How Much Teak Does One Boat Need?

The time has finally come.  I can put it off no longer.  I’ve done every other ghastly project and this is the only one left.  I started scraping the old varnish off the exterior teak.  I’ve dreaded this chore since we first saw the boat and I’ve avoided this task like the plague.  Clean the oily bilge?  Yep, I’ll get right on that.  Clean the previous owner’s hair (gag) out of the shower strainer?  Done.   Scrape the old varnish off the teak?  Umm, well…I think there’s got to be something else I needed to do first…

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Weeks ago Rich scraped a “test” patch at the front of the cabin top.  “See,” he said.  “It comes off pretty easy.”  And he was right…mostly.  The heat gun softens the thick, goopy varnish (which we think is Cetol) and it does scrape off.  The hard part is not gouging the wood and contorting my body into a pretzel to get under the teak overhangs and getting the varnish out of all the grain and not burning myself with the heat gun.  So for the past two weekends and an hour or so after work I have heated, scraped, picked, contorted and cussed (more photos here.)

It’s clear that this teak has been neglected.  The sad news is that some of our teak is well past its prime.  The Cetol was so thick in some places that I’ve found several holes and many missing wood plugs.  I’m not sure if the teak is thick enough to set the screws a little deeper so they can be covered with plugs.  There are already many gouges that I’m pretty sure cannot be fixed to look right.  The sadder news is that whoever slathered on the last coat or three of Cetol had no idea what they were doing.  This crap is everywhere; on the side of the toerail, on the gelcoat, on the metal windows, all over the door hinges.  Basically on anything that was in close proximity to the teak (and I use the term “close” loosely.)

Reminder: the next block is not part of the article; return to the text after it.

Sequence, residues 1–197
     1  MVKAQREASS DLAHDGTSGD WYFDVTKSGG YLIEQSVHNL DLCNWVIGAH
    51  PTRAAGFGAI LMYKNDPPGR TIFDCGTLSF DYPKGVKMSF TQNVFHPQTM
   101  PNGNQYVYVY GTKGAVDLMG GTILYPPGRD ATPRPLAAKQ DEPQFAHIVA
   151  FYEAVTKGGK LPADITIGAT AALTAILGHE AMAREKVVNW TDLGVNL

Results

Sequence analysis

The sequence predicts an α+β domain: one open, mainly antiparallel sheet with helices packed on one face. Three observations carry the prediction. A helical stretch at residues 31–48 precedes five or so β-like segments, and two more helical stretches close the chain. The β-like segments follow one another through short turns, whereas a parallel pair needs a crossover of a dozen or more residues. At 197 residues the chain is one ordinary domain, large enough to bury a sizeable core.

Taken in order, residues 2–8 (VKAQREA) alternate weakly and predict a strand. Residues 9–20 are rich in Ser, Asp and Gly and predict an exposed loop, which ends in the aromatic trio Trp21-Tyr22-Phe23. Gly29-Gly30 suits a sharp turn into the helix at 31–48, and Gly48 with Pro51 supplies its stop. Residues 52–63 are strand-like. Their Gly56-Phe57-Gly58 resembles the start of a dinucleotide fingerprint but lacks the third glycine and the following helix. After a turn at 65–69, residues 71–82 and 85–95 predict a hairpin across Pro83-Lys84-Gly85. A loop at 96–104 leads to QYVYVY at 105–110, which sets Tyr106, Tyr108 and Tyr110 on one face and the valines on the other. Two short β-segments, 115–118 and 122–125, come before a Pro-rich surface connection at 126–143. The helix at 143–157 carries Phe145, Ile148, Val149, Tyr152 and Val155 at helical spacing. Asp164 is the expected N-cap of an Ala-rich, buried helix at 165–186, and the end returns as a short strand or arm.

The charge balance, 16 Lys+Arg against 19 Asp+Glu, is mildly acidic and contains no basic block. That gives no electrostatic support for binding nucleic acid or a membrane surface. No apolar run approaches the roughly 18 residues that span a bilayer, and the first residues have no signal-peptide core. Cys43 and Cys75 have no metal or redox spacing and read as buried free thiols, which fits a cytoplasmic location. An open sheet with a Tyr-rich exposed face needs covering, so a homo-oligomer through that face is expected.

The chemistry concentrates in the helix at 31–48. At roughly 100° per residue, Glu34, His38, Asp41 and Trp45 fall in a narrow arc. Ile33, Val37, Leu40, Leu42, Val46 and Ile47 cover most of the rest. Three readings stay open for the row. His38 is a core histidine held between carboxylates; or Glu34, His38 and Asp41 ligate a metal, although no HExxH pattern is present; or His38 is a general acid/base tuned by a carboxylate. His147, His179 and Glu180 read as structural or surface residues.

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So after what will be weeks of scraping, I then have to sand and sand and sand and…well you get the idea.  Rich will have to do some magic with teak scraps and wood putty I think.  Then we’ll use oxalic acid which is supposed to brighten the teak to its original color.  Then…I don’t’ know what.

I’ve researched the “best” method for finishing teak.  Rich wants to epoxy everything.  I put the kibosh on that.  It’s great until it fails in a few years, then it’s scrape, scrape, scrape…sand, sand, sand for two weeks.  I’ve heard Honey Teak is supposed to be good.  Practical Sailor did a review of it about 12 years ago and it was the top contender.  More recently Practical Sailor tested Interlux Perfection Plus and it scored the highest so far.  It lasted two years in Florida.  That’s saying something.  One option we’re looking into is removing some teak.  The dorade boxes, for example.  We’re actually going to keep the teak boxes, but Rich is going to paint Awlgrip over them so they should never need to be refinished.  The teak trim along the bottom of the cabin top is in bad enough shape that we’re considering removing it.  Rich will have to fabricate a transition trim piece so that where the other trim ends it will look relatively normal.  We’ll see.  At the rate I’m going it will be a couple of months before we need to worry about that.

At least he's honest
Garden Update
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2 comments

  1. oh dear..so much work..it will look so beautiful when finished. This too shall pass….

  2. You guys are doing an amazing job on your floating home!! I have a tournament on the delta sunday, I might try and stop by in the afternoon to see it in person.

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